At the age of 12, billionaire Ray Dalio bought his first stock for less than $5 a share with money he made while caddying in Queens, New York.
"I got lucky, because the company was about to go broke, but some other company acquired it and it tripled, and I thought the game was easy, and so that's what I got hooked on," Dalio says during an episode of the Business Insider podcast, "This is Success" Friday.
His $300 investment into Northeast Airlines turned into $900, which made him a profit of $600 before he headed into the 7th grade in 1962.
Now more than 57 years later, Dalio has a net worth of $16.9 billion. Not to mention, he is one of the most influential figures in the world of finance as founder world's largest hedge fund — Bridgewater Associates, which has $160 billion in assets under management.
However, it wasn't a straight shot to success for Dalio.
In 1982, seven years after launching Bridgewater out of his two-bedroom New York City apartment, he made a bad bet that wiped him out financially — and spiritually.
"I was so broke, I had borrow $4,000 from my dad to help pay for family bills," Dalio says.
Dalio, then 33, was certain that the stock market and economy were about to go down (as a result of Mexico defaulting on its debt). Instead the U.S. economy and markets soared. Weeks later, the Fed made rate cuts, propelling the markets even more, causing Dalio to lose everything.
"As a result of being wrong, I lost money for me, I lost money for my clients, I had to let everybody in my company go," he says.
And while he describes that time as "very painful," he says the experience was the "best thing" that ever happened to him because it forced him change his mindset.
"I had learned Transcendental Meditation," Dalio tells Business Insider. So Dalio used meditation to reflect on his mistakes and to clear his mind to make better decisions in the future.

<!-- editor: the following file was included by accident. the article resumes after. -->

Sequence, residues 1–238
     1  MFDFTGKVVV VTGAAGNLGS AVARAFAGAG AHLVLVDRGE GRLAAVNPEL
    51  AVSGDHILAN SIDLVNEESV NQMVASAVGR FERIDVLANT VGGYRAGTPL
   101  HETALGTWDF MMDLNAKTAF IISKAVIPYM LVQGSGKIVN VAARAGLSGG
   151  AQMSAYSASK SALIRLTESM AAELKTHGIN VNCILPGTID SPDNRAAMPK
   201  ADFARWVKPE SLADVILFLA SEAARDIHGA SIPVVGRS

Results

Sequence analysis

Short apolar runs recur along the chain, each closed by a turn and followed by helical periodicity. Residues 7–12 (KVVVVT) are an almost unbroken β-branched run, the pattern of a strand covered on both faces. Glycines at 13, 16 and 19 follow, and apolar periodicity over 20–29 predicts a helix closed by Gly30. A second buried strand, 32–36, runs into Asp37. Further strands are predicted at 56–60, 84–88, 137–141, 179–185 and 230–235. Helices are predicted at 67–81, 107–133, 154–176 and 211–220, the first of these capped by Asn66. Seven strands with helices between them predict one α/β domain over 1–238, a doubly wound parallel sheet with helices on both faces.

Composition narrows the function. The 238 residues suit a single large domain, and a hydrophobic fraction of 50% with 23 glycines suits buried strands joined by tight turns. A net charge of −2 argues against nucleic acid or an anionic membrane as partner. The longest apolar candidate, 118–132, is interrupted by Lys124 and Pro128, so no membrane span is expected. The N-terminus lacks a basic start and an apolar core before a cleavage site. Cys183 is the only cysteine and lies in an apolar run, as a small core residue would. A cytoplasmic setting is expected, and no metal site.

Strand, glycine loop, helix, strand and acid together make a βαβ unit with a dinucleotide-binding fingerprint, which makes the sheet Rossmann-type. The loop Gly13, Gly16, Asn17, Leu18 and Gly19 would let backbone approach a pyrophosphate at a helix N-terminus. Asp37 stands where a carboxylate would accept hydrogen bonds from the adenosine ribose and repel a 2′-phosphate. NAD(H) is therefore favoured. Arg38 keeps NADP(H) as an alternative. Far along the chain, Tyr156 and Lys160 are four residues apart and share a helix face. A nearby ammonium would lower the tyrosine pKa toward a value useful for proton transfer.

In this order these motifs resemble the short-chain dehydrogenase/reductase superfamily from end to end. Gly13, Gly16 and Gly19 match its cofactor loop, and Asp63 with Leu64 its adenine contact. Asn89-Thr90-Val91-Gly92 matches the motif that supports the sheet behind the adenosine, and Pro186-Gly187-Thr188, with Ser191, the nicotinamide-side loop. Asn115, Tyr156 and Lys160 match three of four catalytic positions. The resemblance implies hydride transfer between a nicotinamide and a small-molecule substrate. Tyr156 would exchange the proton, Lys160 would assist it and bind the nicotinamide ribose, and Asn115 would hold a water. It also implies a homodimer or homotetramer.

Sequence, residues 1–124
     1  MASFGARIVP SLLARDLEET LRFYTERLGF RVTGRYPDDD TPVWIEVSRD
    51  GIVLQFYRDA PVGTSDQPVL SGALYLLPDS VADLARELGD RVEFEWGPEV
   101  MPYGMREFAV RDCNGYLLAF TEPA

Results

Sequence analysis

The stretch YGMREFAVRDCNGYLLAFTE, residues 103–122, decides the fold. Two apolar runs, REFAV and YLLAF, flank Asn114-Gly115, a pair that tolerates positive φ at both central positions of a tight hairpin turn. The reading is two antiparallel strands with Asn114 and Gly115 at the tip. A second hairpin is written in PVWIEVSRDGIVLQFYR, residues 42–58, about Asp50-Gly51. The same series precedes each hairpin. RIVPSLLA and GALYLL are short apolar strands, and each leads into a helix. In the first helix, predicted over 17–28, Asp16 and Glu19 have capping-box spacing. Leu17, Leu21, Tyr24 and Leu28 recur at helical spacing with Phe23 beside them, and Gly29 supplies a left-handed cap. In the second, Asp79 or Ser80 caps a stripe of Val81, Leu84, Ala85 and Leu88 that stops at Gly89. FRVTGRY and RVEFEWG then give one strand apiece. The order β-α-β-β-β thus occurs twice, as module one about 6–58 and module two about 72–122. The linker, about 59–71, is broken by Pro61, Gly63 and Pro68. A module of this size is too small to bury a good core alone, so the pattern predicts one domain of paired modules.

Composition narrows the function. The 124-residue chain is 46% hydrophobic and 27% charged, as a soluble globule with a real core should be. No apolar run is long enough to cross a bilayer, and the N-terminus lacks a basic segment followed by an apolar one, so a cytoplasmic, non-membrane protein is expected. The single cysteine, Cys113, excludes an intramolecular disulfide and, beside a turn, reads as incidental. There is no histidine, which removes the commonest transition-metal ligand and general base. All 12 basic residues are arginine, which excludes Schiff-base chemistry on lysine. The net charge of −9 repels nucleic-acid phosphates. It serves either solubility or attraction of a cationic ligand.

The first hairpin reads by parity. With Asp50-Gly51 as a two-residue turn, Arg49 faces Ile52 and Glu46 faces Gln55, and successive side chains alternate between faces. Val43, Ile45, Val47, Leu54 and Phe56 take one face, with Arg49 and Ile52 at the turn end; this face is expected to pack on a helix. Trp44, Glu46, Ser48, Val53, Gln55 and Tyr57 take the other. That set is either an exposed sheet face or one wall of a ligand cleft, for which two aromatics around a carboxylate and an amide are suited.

"When the pain passes, don't just go forward, reflect, because that's where your progress is," Dalio tells Business Insider.
In his book, "Principles," Dalio writes that he learned Transcendental Meditation after the Beatles studied the practice in 1968 in India. He says the practice allows him to think more clearly and creatively when making decisions.
Transcendental Meditation doesn't focus on breathing or chanting; instead it encourages a restful state of mind beyond thinking by closing the eyes and repeating a mantra in silence to reduce stress and anxiety. It is typically practiced for 20 minutes, two times a day, according to Bob Roth, author of "Strength in Stillness: The Power of Transcendental Meditation," who Dalio cites as the best teacher and expert he knows on the subject.
According to a 2009 study from the National Institutes of Health, Transcendental Meditation helped to alleviate stress in college students, while also reducing blood pressure, anxiety, depression and anger in students. It has also been shown to reduce everything from symptoms of trauma to anxiety, depression and sleep disturbance in prisoners.
Dalio says most people don't realize that there are "two yous in you."
There's the "emotional you" that comes from the subconscious, which under some circumstances can produce stress and emotions that can completely take you over, and then there's the "thoughtful part of you."
"Both have advantages, because the subliminal is bringing forward these intuitions and those types of things and then the intellectual, and if you can be calm and resolve those things together, not only does it give you the calmness, it gives you better thinking," he says.
He says his TM practice helped him balance his aggressiveness and shift his mindset from thinking that he's always right to instead asking himself, "How do I know I'm right?"
"I saw clearly that the best way to answer this question is by finding other independent thinkers who are on the same mission as me and who see things differently from me," Dalio writes in his book about the incident. He says by engaging others through thoughtful disagreements, he was able to better understand their reasoning and have them "stress-test" his ideas, which ultimately lead Bridgewater to make better decisions and rebuild its name.
Dalio has credited his meditation practice with being the single most important reason for his success today and the greatest gift that he could give anyone.
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